Krystal High, whose daughter Avery Burns, 9, is a third-grader, is pleased that activity nights like Math Mania encourage parental involvement with their children and their teachers.

She said she and her daughter like to spend time together and she encourages other parents to try to spend more with their children.

“These are memories for our children,” High said. “If they see you interact with them to learn, it will be more fun for them, and they will probably do better in school.”

Stacey Bostic, whose son, Clifton Edwards, 5, is in kindergarten, agrees that interacting with parents makes learning — especially math — fun for children.

“Instead of just saying, ‘What’s one plus one?’ (it is) something fun and interactive for the kids,” Bostic said.

She said her son likes to count Cheerios before eating them. She plans to buy some of the board games they enjoyed playing at Math Mania.

Bostic encourages other parents to attend the family game nights to discover new ways to make it fun for their children to learn.

Sheila Lee, a state and federal employee who worked at the McDowell event, works with at-risk kindergarten students at Taylor Parks Elementary School. She said events like Math Mania provide learning enrichment with fun family interaction, and shows parents how to make math fun for their children.

She said she wishes she had been able to attend events like this with her children when they were younger.

Lee said playing games that require math skills not only reinforces recently learned skills, but students will be less inclined to dread math practice worksheets if they have been honing their addition and subtraction skills playing games.

Elementary math teacher Gary Lalli introduced tangram shapes as a creative puzzle exercise in a classroom during Math Mania.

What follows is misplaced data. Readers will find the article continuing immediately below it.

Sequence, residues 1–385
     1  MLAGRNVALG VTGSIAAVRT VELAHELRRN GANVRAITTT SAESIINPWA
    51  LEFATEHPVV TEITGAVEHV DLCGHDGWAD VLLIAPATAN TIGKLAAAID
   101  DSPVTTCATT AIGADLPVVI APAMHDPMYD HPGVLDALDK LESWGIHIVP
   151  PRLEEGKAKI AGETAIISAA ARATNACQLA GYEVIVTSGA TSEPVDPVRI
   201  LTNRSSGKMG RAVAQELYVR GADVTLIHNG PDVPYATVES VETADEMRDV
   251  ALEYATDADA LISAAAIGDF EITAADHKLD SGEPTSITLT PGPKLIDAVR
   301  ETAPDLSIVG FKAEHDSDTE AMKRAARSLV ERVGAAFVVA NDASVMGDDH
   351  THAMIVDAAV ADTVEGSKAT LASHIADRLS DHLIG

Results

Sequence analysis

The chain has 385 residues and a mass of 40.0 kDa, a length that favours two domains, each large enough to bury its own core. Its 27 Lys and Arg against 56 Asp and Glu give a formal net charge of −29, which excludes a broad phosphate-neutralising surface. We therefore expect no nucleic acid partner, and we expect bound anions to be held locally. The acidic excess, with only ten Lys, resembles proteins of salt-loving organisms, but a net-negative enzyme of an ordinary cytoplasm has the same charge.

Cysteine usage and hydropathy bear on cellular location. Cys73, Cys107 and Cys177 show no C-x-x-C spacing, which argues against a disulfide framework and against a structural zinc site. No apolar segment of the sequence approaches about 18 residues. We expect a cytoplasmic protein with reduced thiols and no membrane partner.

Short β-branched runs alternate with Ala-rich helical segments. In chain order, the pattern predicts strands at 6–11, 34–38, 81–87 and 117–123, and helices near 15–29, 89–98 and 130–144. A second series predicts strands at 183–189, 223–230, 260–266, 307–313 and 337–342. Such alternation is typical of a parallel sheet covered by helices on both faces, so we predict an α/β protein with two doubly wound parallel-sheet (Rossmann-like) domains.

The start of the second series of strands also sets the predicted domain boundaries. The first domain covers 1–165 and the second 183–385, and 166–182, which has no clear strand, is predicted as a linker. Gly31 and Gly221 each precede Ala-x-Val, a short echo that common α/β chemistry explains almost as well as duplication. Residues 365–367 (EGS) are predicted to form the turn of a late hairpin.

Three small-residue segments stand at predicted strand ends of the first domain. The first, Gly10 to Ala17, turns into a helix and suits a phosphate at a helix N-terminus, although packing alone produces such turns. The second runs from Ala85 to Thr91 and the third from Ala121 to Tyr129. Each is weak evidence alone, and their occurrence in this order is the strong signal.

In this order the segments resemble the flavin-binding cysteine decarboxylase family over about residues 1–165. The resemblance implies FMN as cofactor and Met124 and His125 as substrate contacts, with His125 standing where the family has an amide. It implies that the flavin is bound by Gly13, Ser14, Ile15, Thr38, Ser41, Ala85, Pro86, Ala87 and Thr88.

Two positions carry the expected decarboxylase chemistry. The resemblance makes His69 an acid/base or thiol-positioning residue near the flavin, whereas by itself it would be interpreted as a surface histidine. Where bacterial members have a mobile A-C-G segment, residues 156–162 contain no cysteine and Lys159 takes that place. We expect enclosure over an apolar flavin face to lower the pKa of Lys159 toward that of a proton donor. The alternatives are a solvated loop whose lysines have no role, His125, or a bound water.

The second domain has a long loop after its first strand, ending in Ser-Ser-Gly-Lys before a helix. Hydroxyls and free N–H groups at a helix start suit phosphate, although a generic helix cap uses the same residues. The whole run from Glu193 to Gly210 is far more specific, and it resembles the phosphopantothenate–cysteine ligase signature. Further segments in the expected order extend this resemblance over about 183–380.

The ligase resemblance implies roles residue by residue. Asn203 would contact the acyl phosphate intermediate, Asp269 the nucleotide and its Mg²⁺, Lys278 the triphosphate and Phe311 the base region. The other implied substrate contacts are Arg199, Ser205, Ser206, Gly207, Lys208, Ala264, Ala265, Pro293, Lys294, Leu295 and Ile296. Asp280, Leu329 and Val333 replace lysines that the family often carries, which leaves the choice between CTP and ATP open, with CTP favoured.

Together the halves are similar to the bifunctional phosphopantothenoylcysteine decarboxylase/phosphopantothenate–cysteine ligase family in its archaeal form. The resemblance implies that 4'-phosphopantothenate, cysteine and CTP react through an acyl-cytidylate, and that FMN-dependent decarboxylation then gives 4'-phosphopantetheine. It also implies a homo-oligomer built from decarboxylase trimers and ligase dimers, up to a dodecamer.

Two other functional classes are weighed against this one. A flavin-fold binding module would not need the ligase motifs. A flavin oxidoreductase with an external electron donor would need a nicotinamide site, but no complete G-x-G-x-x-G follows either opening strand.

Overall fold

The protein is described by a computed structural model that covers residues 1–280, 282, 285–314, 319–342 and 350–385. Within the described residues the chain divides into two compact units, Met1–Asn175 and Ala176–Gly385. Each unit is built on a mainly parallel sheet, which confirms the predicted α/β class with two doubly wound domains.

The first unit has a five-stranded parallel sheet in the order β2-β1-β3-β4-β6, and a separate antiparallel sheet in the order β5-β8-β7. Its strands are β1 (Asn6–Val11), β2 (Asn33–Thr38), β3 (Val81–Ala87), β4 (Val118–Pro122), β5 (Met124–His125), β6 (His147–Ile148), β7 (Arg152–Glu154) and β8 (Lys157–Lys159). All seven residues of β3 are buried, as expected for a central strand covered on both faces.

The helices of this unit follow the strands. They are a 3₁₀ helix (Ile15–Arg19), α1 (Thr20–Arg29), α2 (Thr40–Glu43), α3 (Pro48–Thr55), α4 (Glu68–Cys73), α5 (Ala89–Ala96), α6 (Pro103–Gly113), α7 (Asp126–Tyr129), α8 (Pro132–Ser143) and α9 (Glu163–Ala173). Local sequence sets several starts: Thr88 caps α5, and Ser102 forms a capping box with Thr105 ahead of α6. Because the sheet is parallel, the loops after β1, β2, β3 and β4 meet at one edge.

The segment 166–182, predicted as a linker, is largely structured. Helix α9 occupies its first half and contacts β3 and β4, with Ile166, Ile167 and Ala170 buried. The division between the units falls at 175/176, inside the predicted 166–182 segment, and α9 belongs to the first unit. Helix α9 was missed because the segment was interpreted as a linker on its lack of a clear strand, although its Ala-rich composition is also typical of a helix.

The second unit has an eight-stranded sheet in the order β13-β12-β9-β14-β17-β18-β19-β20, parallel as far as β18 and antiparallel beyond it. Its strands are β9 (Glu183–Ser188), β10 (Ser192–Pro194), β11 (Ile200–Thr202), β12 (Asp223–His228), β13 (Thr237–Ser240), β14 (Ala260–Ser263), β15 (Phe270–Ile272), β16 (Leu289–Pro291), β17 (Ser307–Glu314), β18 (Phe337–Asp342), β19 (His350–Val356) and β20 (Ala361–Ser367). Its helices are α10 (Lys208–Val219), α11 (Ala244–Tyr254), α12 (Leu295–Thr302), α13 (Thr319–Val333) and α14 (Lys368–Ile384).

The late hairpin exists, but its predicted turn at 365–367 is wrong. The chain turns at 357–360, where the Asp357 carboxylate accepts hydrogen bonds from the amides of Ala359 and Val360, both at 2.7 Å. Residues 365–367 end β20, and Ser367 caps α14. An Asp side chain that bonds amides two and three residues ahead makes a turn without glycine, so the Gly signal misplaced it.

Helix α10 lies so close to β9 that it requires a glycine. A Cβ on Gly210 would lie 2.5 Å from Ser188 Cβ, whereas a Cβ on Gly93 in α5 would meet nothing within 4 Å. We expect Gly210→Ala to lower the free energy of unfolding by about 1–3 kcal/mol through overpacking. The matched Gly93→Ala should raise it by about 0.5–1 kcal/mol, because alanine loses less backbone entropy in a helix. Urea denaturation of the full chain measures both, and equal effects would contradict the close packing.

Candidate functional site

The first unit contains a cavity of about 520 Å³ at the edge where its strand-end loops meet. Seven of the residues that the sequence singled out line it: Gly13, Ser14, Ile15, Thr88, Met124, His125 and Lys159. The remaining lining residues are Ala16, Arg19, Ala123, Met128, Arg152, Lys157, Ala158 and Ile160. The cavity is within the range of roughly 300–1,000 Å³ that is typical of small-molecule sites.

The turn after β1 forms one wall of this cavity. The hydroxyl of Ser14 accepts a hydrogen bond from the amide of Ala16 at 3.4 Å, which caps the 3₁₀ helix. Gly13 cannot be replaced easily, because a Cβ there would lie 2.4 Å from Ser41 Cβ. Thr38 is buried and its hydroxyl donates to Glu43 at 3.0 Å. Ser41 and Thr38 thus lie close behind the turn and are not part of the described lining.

A tangram is a Chinese puzzle in the shape of a square consisting of five triangles, a smaller square and a rhomboid (a parallelogram with unequal sides), which can be reassembled into many different shapes.

Lalli said it is important for young children to become familiar with spatial relationships in puzzle form, which introduces them to geometry at an early age, so when they study geometry in middle and high school they are not as intimidated by it.

“The more they learn here, at this level, will only better (prepare) them in the coming years,” Lalli said. “We look at space and spatial relations and we really don’t think of it as math. But when we hear that word ‘geometry’ it brings fear to a lot of people. But it is just basically the study of shapes and how shapes come together.”

Lalli urges parents to encourage their children to read and hone their math skills.

“Math is very, very important in their whole lives,” Lalli said. “The world’s almost based on math and if they can start at a very young age to understand that it will make it a lot better for them.

“We need a lot of scientists and mathematicians,” Lalli said. “The more you start them out early, the better off they can be in those careers.”